How are the galleries selected? How spread out will it be?

Thomas Eller: We only wanted the best and not too many! It’s important to really focus at the beginning and create some energy! To be effective, we wanted to work with a few galleries and provide the best service possible! I guess we also need some room to grow over the next few years. Since you mentioned Berlin, they also started with a dozen or so galleries and now there are about 50.

In terms of navigating the gallery weekend: we are only present in the 798 and Caochangdi art districts. There are a few more very good galleries outside of this area that we will want to work with in the future. But in the beginning, I think it is good to keep things focused.

So when you arrive, you will see our people (with “问我” signs) at many of the gates and important intersections to the art districts. They will be assisting you to find all the participating galleries and museums. We will also have a shuttle service between 798 and Caochangdi for the three days. On Sunday, we will also have a few buses from 798 to Sishang Museum. Our VIPs will also be given a service phone number they can call—if they get lost or need help from an interpreter in a taxi.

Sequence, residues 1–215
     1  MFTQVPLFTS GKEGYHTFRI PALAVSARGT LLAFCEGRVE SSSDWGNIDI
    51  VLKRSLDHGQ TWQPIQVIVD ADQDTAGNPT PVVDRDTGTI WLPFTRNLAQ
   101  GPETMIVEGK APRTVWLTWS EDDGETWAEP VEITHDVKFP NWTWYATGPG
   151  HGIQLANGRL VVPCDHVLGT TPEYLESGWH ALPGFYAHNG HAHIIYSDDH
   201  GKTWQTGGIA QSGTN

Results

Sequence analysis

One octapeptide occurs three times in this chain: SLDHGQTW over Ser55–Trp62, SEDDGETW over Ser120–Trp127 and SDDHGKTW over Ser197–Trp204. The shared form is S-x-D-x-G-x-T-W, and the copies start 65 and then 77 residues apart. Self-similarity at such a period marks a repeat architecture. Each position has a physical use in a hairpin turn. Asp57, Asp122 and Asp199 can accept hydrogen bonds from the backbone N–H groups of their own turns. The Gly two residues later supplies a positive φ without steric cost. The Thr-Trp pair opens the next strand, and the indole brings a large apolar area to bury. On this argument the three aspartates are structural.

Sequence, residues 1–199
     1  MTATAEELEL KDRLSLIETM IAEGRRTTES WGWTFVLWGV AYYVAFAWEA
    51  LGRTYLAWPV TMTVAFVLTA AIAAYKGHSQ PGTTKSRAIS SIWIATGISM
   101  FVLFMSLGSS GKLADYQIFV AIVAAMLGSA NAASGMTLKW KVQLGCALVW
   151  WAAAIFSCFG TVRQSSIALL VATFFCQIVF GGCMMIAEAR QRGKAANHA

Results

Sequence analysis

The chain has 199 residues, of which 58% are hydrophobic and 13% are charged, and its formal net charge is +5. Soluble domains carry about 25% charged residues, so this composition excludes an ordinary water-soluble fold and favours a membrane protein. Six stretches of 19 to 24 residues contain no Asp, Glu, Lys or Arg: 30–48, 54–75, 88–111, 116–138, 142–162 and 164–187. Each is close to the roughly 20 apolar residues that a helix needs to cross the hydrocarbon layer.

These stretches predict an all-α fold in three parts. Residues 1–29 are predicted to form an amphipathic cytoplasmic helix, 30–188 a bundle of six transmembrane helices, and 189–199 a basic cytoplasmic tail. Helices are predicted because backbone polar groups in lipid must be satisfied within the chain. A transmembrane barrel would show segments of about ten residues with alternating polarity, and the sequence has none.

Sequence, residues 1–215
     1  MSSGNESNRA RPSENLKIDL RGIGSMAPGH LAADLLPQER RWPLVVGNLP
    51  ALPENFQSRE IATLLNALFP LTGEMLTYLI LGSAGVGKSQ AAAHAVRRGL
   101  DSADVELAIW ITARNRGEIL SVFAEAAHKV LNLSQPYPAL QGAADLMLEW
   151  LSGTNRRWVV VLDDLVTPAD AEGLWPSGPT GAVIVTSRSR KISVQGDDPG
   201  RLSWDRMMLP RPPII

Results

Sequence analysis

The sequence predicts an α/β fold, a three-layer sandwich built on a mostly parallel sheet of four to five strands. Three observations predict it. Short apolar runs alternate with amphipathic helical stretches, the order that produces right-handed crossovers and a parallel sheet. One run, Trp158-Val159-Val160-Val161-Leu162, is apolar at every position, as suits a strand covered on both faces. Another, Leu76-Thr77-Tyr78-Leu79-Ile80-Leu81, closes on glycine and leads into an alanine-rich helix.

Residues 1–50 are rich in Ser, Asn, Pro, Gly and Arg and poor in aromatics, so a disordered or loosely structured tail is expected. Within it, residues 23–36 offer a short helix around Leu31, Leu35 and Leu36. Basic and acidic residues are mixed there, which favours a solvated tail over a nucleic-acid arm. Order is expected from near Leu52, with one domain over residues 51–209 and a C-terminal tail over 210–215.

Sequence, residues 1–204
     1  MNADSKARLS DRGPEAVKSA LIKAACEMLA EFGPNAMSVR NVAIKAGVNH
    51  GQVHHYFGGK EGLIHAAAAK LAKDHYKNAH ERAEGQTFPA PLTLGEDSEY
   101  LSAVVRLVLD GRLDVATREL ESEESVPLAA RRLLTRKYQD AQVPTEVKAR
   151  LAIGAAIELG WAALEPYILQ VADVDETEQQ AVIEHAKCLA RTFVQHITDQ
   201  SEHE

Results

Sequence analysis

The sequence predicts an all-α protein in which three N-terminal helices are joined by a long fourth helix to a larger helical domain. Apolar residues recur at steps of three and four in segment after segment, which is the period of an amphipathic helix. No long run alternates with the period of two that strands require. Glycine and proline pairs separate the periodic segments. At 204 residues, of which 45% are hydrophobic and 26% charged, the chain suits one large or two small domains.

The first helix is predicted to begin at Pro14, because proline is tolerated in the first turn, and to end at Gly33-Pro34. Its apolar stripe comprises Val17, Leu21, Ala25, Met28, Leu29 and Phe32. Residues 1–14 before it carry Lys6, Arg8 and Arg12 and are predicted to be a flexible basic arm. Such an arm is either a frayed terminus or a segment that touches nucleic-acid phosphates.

We try to make this a really pleasant experience for our guests. Hopefully they don’t even notice it too much—we want them to pay attention to the art in the galleries. We want to support the gallery system for one reason: If you look at art history, in modern times, behind every artist who made it into the history books there has always been one gallery that worked for them for decades. It might sound strange coming from someone who is also an artist, but I really believe that if Chinese artists want to compete with Western artists, they need to find strong supporters that help build their careers. This is, by the way, also attractive for collectors. If I were a major collector I would look for serious committed galleries that support their artists long term. That is not only how you secure your investment—it is also meaningful for the development of art!